Panelist Profiles: Meredith Broussard, Tom Kent and Olga Pierce
On October 15, Meredith Broussard (NYU), Tom Kent (AP) and Olga Pierce (ProPublica) joined us for Tow Tea to discuss “Computational Journalism in Practice.” Below, learn a bit more about each panelists’ background, and their answer to a key question about computational journalism.
Broussard is an assistant professor of the Arthur L. Carter Journalism Institute at New York University and a current Fellow at the Tow Center. Before becoming a journalism professor and investigative journalist, Broussard worked as a software developer at AT&T Bell Labs and the MIT Media Lab.
In her work as a freelancer, Broussard combines her past as a coder with in-depth reporting. Her most recent work, which appeared in The Atlantic, she investigated the correlation between Philadelphia high schools, whose student population generally performed low in standardized tests, and the availability of practice text books for standardized tests at the same school. To substantiate her long-form reporting (‘Why Poor Schools Can’t Win at Standardized Testing?’) with a database-application for journalists on Philadelphia textbook inventories at stackedup.org
Key question: When working with data, which comes first: the dataset or the idea for a story?
“You can do it both ways,” said Broussard. For stories that address systemic or public sector related problems, there is usually an accompanying dataset to work from, whereby journalists can compare policies and laws with the real-life empirical data. When something seems off or weird, that is where stories happen.
Kent is a deputy managing editor and standards editor of the Associated Press and an adjunct faculty member at the Columbia Journalism School. He worked as AP correspondent in Sydney and Brussels, and was bureau chief in Moscow. Among others, his journalistic work also include his role as chief of AP operations in Iran during the Iranian revolution.
As standards editor, he oversees – among others – the management of AP’s computer-written wire stories and financial reports.
Key question: What is the future of AI (artificial intelligence) and machine learning in journalism? Will these new techniques cause further layoffs?
“The bus stops with the journalist,” said Kent: decision-making cannot be relegated to computers. Ultimately, automatizing news production frees time and labor for journalists to work towards more complex investigative projects. The work has to be done, thousands of news releases and financial reports have to written. And journalists need to edit these, too. Susan McGregor added: “at some point you need a person to say: ‘this is objective, this is not objective’”.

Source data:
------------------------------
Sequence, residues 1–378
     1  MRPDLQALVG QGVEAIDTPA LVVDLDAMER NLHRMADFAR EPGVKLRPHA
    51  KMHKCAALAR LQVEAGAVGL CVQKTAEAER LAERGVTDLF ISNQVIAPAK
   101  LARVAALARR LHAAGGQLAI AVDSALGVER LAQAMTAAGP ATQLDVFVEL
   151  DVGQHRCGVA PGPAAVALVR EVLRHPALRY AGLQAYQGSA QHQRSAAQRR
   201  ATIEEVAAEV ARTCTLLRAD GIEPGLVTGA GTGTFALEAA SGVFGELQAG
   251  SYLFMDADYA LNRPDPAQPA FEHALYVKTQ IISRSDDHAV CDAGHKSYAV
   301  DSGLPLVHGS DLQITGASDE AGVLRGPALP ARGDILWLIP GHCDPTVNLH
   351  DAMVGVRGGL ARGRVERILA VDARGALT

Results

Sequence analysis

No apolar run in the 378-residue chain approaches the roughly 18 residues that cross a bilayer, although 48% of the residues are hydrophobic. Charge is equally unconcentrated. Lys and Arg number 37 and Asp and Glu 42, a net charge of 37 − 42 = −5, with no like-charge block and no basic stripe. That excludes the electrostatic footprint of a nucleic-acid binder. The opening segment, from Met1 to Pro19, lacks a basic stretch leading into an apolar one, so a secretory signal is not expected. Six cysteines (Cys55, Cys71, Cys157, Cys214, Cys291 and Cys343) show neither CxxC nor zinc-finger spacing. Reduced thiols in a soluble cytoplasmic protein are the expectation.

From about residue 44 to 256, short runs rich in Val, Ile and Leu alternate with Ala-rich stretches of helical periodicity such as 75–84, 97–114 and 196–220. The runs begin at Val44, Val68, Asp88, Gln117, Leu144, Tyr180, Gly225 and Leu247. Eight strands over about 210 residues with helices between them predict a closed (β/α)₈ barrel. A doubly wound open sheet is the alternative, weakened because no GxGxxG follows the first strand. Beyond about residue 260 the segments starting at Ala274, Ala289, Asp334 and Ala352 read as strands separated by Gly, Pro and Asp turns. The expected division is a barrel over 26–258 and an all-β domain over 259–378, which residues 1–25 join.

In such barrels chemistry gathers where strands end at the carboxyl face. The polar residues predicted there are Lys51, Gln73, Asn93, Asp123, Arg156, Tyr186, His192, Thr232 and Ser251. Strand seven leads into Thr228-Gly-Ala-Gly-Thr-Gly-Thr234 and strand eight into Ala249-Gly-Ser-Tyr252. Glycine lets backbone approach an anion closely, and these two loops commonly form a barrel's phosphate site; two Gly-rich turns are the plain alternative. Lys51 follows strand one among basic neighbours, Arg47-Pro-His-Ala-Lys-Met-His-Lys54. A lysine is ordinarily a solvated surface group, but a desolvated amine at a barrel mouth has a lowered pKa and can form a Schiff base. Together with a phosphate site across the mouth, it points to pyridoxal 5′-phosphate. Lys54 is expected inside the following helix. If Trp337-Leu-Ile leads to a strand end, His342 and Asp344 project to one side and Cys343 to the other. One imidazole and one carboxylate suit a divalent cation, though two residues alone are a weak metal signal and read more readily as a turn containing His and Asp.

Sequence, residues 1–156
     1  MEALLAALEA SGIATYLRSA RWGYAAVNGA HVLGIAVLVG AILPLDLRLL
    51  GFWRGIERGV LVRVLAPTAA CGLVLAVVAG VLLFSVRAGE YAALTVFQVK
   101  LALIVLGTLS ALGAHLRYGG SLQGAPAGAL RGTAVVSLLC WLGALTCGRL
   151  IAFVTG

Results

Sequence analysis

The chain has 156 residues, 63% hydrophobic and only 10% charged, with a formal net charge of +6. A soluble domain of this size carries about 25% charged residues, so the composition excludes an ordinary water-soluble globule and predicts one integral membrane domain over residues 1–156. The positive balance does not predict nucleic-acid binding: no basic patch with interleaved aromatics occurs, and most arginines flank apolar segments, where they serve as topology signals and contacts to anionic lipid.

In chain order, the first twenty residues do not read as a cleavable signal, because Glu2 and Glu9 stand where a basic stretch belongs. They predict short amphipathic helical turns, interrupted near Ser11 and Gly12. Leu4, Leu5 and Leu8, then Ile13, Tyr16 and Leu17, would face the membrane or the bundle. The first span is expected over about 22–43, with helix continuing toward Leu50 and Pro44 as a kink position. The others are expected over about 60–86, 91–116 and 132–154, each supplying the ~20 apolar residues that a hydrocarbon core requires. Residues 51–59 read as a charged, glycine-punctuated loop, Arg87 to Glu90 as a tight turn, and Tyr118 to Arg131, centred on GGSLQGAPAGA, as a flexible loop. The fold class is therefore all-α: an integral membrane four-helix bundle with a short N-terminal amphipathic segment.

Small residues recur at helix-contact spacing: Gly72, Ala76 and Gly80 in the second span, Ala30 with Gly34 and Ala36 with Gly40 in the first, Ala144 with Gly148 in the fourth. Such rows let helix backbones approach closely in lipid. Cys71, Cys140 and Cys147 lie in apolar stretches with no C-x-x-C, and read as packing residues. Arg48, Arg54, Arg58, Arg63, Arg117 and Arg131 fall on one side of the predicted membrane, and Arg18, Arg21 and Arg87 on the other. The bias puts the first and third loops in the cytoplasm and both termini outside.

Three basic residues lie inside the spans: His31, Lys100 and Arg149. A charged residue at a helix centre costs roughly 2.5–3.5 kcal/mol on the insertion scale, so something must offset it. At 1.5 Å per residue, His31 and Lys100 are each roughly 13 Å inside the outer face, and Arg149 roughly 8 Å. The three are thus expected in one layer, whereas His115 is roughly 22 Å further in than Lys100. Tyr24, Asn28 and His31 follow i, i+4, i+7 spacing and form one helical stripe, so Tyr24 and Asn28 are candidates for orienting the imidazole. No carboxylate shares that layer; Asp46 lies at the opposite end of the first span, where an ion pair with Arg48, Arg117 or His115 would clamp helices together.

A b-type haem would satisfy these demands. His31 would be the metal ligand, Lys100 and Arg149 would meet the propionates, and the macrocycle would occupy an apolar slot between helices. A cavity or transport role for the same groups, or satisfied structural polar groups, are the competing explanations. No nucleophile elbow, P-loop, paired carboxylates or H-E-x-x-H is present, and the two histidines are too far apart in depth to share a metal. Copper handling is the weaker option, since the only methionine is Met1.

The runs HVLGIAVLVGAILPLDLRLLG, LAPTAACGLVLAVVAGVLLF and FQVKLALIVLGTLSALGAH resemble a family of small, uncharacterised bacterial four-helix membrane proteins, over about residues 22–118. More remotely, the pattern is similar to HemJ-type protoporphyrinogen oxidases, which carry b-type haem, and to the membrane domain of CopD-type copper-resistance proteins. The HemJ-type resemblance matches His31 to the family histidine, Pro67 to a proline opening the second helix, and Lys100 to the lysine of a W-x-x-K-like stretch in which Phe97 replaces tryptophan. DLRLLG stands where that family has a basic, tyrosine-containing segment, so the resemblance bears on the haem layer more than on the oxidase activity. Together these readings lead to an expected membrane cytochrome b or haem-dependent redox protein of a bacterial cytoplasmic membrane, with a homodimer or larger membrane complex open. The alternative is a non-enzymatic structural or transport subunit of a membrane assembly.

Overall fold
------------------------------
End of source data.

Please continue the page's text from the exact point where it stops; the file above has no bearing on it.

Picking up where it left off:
AP blog (‘The Definitive Source’): blog.ap.org/contributor/tom-kent
Pierce is the deputy data editor at ProPublica and an alumna of the Stabile Investigative program of the Columbia Journalism School. She specializes in data-driven stories and contributes or leads many of the grand-scale projects undertaken by ProPublica. One of these is the Surgeon Scorecard, an online news-application that allows users to look up individual performance of surgeons in New York based on their patients’ re-admittance rate after complications.
Pierce is currently working on Surgeon Scorecard 2.0.
Key question: What skills should an aspiring journalist acquire to successfully work with data?
Pierce’s advice is to have working knowledge in statistics and practice at least one multi-purpose coding language, such as Python or Java. She also warns to not forget about Excel – a standard and last-resort working environment for many data desks at newsrooms. “You’d be surprised how many people don’t know how to use Excel,” said Pierce. Most importantly, however, a journalist should be able to formulate interesting questions around data.
ProPublica profile: http://www.propublica.org/site/author/olga_pierce
Surgeon Scorecard: https://projects.propublica.org/surgeons/